"Emma" Book Review by JPWrite

"Emma"
An analysis of Jane Austin's novel "Emma".
# 63894 | 1,743 words | 0 sources | 2004 | US
Published on Feb 18, 2006 in Literature (English)


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Description:

This paper reviews Jane Austin's popular novel,"Emma", examining how the author artfully picks apart the melodrama of Victorian era love and relationships. The paper contends that the story itself is reminiscent of a soap opera and its main characters are all flimsily created hyperbole of their culture. The paper explores how satire contributes to the ridicule of the Victorian perception of love, marriage and relationships, providing an examination of the story's characters, plot twists and its ending.

From the Paper:

"The main character of this novel is Emma Woodhouse, a product of her upper class society. While she is extremely clever and sophisticated, she is also vain and extremely rich. The combination of these qualities makes her the ideal central character for the book. She exhibits all of the qualities that Jane Austin attempts to satirize. The first example of her satire is Emma's perception of class; she believes that marriages and love in general should be an issue of class as well as love. She tells her friend Harriet to marry Mr. Elton rather than Mr. Martin because he is wealthier and has more stature in the town. Her beliefs especially about class are predicated on the Victorian era belief that marriage should occur between those of a similar class. Therefore, Emma's well intentioned belief that Harriet should not marry beneath her stature pokes fun at this Victorian era convention. The purpose of Jane Austin's creation of the character Emma is to show that she is the Victorian typical heroine. She is a noble born woman who is kind hearted but at the same time believes in class division."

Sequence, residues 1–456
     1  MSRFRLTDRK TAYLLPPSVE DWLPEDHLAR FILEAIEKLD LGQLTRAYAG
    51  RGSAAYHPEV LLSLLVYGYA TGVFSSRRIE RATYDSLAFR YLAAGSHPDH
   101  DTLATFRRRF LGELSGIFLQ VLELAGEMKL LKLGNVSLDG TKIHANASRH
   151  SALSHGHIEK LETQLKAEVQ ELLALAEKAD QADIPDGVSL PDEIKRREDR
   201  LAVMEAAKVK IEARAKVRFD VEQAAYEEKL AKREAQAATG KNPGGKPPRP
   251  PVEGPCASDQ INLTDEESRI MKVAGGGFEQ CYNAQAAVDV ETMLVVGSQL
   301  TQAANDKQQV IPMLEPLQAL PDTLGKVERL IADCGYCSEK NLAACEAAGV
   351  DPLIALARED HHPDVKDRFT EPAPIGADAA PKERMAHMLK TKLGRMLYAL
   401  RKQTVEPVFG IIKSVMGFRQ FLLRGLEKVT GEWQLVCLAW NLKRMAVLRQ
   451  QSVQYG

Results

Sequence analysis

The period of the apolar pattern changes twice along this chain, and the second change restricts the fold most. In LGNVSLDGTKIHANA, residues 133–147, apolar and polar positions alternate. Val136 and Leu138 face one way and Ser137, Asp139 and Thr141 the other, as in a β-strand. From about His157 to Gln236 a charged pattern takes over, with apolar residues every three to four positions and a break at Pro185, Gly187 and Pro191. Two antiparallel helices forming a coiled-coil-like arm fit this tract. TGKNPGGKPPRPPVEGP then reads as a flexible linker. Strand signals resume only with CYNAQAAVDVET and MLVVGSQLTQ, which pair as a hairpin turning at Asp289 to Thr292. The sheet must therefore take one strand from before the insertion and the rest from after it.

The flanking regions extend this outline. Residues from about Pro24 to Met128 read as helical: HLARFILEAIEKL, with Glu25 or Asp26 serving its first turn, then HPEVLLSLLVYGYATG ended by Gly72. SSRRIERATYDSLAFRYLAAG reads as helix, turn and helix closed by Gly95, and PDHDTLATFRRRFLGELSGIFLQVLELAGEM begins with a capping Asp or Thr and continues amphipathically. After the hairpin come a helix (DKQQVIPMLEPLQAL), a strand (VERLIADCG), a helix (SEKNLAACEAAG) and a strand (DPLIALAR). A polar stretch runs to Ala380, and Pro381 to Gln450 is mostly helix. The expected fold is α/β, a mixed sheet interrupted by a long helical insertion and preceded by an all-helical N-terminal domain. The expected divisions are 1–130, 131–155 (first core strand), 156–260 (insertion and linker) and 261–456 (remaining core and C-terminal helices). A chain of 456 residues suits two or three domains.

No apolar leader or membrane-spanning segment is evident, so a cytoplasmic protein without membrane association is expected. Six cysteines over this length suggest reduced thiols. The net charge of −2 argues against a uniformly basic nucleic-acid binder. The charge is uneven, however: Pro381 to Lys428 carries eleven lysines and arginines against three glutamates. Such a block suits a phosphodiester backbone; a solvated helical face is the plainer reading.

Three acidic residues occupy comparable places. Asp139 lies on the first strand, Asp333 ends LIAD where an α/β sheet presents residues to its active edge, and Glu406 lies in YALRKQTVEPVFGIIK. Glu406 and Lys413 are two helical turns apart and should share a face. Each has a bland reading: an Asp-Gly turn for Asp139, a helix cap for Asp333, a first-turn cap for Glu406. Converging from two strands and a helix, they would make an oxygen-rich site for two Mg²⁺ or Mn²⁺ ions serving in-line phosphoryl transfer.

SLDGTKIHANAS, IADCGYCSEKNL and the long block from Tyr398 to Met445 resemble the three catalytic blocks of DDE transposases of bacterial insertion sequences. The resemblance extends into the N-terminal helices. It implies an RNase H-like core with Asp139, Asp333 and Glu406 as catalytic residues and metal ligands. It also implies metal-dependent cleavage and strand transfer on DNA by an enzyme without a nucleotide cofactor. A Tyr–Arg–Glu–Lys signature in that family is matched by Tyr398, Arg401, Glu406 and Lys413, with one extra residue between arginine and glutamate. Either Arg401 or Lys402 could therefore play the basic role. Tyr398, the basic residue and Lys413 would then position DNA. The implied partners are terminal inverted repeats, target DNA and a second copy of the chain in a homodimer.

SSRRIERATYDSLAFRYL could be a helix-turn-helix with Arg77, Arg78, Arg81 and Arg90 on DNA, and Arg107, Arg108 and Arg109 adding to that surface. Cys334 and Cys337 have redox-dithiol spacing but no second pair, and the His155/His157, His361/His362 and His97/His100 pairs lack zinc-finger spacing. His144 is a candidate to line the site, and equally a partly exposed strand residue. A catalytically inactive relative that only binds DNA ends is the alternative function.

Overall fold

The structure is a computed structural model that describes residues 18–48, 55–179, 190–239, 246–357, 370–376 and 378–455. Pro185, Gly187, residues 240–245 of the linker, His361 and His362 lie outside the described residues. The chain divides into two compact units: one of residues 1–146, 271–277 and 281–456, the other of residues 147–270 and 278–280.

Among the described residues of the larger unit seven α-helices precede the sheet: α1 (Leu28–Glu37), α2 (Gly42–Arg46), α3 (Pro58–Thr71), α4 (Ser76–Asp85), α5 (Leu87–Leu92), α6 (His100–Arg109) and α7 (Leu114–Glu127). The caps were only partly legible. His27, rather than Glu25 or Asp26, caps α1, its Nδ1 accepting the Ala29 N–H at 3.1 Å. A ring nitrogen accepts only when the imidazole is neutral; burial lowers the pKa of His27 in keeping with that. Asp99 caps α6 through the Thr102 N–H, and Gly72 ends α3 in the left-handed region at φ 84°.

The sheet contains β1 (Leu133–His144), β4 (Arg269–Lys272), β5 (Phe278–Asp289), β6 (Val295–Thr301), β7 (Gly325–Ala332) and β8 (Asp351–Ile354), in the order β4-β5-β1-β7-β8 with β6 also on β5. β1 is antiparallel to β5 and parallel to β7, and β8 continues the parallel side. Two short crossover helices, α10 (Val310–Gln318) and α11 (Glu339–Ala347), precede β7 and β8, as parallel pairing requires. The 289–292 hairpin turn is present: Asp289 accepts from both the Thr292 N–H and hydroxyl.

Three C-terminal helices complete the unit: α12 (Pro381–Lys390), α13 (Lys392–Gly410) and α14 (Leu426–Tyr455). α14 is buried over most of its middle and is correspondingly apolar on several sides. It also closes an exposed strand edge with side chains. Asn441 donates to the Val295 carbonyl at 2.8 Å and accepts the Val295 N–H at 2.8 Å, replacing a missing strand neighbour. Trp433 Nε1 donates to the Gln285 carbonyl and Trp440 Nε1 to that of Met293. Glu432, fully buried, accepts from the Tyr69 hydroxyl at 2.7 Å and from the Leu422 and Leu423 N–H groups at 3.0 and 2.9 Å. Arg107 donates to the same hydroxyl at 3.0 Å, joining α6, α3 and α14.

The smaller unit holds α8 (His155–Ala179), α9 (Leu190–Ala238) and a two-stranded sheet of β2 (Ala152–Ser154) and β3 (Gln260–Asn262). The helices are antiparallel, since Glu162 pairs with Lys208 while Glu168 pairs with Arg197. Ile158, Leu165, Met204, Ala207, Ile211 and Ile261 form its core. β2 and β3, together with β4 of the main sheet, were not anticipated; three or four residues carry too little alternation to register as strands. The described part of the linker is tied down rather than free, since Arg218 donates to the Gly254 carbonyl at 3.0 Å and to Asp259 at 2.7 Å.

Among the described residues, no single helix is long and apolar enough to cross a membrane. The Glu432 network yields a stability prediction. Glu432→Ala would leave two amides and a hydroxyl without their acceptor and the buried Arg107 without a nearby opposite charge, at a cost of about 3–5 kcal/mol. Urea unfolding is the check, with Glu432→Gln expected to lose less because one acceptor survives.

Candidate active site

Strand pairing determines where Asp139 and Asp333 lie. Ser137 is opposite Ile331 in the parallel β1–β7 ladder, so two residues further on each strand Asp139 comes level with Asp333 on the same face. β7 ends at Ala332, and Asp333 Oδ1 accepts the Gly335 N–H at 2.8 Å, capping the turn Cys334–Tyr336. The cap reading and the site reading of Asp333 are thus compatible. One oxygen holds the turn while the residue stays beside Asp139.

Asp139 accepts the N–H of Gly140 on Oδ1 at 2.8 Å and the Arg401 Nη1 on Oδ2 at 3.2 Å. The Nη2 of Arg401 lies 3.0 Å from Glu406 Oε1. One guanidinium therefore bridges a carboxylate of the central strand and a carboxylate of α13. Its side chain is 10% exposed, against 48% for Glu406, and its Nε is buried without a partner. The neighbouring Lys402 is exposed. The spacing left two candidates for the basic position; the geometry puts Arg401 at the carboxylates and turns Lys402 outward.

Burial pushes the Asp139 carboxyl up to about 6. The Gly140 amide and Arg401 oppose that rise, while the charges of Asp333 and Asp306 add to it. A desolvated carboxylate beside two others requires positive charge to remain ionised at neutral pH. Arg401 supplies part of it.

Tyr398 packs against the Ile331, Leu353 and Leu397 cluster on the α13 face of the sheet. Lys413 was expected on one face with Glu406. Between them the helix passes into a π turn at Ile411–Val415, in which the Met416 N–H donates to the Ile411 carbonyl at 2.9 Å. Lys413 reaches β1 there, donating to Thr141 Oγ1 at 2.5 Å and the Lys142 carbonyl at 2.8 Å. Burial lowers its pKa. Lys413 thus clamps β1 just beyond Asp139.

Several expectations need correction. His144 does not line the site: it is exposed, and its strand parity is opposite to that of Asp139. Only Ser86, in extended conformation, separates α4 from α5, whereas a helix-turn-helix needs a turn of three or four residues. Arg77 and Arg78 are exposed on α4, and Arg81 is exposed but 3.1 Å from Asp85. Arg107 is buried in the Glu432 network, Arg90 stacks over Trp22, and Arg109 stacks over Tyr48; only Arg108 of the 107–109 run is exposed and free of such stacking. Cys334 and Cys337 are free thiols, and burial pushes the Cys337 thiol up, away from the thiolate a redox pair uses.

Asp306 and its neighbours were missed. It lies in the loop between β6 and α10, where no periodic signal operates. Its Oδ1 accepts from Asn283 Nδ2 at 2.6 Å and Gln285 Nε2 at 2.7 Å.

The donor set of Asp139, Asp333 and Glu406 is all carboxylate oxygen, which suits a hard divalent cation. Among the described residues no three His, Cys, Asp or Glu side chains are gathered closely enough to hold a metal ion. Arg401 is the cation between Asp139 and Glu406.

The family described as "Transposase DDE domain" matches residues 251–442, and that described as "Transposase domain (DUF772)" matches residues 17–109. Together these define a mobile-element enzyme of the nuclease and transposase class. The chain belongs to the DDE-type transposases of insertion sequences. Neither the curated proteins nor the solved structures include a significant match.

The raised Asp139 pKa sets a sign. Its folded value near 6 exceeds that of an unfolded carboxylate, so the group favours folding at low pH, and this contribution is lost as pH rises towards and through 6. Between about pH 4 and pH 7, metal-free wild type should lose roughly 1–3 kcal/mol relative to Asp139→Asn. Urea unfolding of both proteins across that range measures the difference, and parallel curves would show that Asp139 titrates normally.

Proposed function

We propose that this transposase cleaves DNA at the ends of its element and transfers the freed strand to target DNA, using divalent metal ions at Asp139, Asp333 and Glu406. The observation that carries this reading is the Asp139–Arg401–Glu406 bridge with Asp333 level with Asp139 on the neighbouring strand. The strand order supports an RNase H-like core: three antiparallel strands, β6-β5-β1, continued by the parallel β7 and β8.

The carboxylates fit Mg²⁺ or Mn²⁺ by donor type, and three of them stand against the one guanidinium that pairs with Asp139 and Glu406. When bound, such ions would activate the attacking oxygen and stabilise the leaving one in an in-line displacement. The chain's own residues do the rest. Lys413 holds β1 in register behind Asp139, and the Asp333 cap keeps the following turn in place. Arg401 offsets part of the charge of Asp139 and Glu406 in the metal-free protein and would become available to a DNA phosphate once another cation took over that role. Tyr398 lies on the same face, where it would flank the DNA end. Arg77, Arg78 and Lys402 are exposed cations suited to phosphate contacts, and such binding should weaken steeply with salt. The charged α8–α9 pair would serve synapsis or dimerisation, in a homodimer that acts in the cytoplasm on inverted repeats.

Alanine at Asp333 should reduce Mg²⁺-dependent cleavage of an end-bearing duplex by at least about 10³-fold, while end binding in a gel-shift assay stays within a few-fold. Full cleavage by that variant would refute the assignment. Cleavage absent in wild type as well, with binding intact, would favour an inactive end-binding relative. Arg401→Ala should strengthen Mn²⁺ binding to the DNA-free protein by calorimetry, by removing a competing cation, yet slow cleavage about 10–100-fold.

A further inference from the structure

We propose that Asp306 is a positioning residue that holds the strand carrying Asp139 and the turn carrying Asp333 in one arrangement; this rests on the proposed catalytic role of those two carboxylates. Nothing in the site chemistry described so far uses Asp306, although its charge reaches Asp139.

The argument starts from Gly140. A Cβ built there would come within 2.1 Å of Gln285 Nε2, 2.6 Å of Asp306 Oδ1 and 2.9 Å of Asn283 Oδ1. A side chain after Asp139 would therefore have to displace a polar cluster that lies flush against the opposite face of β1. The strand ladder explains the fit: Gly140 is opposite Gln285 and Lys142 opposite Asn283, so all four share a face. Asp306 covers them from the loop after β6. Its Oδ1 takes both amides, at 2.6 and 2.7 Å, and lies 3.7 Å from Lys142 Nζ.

Cite this Book Review:

APA Format

"Emma" (2006, February 18) Retrieved October 19, 2020, from https://www.academon.com/book-review/emma-63894/

MLA Format

""Emma"" 18 February 2006. Web. 19 October. 2020. <https://www.academon.com/book-review/emma-63894/>

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